Ethopia's despotic regime has become the world's first "turnkey surveillance state," thanks to technology sold to it by western companies, including, it seems, Italy's Hacking Team, whose RCS spyware product is implicated in an attack on exiled, US-based journalists reporting on government corruption.
Ethiopian Satellite Television is a consistent thorn in the ruling elite's side. Journalists there were repeatedly targeted with what appears to be a weapon from Hacking Team. Hacking Team has never confirmed that it supplies weapons to Ethiopia, and it claims that its weapons have built-in monitoring systems to prevent abuse by its customers. Ron Deibert from the University of Toronto's Citizenlab has sent an open letter to Hacking Team formally notifying it of the Citizenlab report on Ethiopia's use of spyware to attack journalists.
Ethiopia ranks second in African nations for jailed journalists (Eritrea comes first).
Dissidents and others fleeing repressive regimes have long found a degree of protection by seeking refugee status in the West. Throughout the 20th century refugees from political persecution have established thriving diaspora communities where they have been able to continue their activity without fear of physical persecution. For at least as long, the security services from the countries they left have attempted to monitor and sometimes interfere with their activities.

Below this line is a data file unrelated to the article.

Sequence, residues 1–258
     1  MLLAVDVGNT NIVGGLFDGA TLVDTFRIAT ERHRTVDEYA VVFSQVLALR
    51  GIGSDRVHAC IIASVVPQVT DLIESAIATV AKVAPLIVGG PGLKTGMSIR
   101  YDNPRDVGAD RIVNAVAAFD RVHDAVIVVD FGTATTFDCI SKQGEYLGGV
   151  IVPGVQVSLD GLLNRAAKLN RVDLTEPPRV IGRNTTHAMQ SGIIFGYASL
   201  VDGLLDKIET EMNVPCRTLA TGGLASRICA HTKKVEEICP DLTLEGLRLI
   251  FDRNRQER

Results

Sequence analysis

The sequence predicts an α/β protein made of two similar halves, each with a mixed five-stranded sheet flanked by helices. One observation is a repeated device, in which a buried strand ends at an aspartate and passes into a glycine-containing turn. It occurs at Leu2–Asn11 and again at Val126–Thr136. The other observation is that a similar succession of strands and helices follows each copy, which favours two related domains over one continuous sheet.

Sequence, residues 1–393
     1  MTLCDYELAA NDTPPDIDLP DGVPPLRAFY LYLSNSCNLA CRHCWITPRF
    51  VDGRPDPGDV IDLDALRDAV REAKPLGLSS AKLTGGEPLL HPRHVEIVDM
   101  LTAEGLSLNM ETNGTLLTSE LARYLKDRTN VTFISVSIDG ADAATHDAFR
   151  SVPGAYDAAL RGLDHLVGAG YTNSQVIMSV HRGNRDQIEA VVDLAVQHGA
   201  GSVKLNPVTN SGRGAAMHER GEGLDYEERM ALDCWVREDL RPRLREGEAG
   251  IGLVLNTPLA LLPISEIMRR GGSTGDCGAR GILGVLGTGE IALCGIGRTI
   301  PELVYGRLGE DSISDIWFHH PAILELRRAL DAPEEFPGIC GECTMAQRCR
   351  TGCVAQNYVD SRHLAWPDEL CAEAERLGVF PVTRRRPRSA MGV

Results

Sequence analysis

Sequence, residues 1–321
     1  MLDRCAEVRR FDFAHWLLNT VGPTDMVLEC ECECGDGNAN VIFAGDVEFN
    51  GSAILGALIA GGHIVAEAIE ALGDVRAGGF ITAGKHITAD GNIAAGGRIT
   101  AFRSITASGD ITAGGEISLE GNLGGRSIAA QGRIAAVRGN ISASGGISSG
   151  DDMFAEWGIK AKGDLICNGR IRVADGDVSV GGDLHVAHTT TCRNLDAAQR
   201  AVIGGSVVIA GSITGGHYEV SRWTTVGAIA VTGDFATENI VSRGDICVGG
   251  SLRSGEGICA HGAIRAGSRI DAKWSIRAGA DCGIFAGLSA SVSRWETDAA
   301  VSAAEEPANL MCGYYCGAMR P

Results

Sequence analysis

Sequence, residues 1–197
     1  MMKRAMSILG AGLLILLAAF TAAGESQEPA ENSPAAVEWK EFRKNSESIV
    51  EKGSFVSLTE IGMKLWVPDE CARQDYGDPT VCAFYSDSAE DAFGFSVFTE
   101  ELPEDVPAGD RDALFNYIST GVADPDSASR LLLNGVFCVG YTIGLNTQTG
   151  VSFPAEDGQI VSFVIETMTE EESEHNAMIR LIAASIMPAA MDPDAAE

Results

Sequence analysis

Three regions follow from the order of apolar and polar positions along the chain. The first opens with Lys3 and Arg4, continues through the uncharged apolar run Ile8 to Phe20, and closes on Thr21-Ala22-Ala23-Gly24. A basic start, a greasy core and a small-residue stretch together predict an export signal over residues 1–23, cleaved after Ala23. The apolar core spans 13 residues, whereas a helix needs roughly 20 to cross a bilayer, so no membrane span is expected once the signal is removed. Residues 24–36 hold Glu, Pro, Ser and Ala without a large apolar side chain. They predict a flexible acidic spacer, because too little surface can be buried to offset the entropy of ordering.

We have documented a year-long campaign of spyware attacks against journalists at ESAT, using what appears to be Hacking Team’s RCS spyware. Many of the journalists targeted in these attacks are legally considered US persons, and located in the US.
In its customer policy, Hacking Team notes:
“[I]n HT contracts, we require customers to abide by applicable law. We reserve the right in our contracts to suspend support for our software if we find terms of our contracts are violated. If we suspend support for HT technology, the product soon becomes useless.”We will refuse to provide or we will stop supporting our technologies to governments or government agencies . . . who refuse to agree to or comply with provisions in our contracts that describe intended use of HT software, or who refuse to sign contracts that include requirements that HT software be used lawfully.”57
The policy suggests that Hacking Team will cease support for its technology when a client violates terms of its contract by failing to abide by applicable law. The lawfulness of government targeting of individuals based in the US with spyware, however, is in question; for example, a lawsuit brought by a US citizen against the government of Ethiopia in February 2014 claims that such actions violated the US Wiretap Act [18 U.S. Code § 2511(1)( a )].58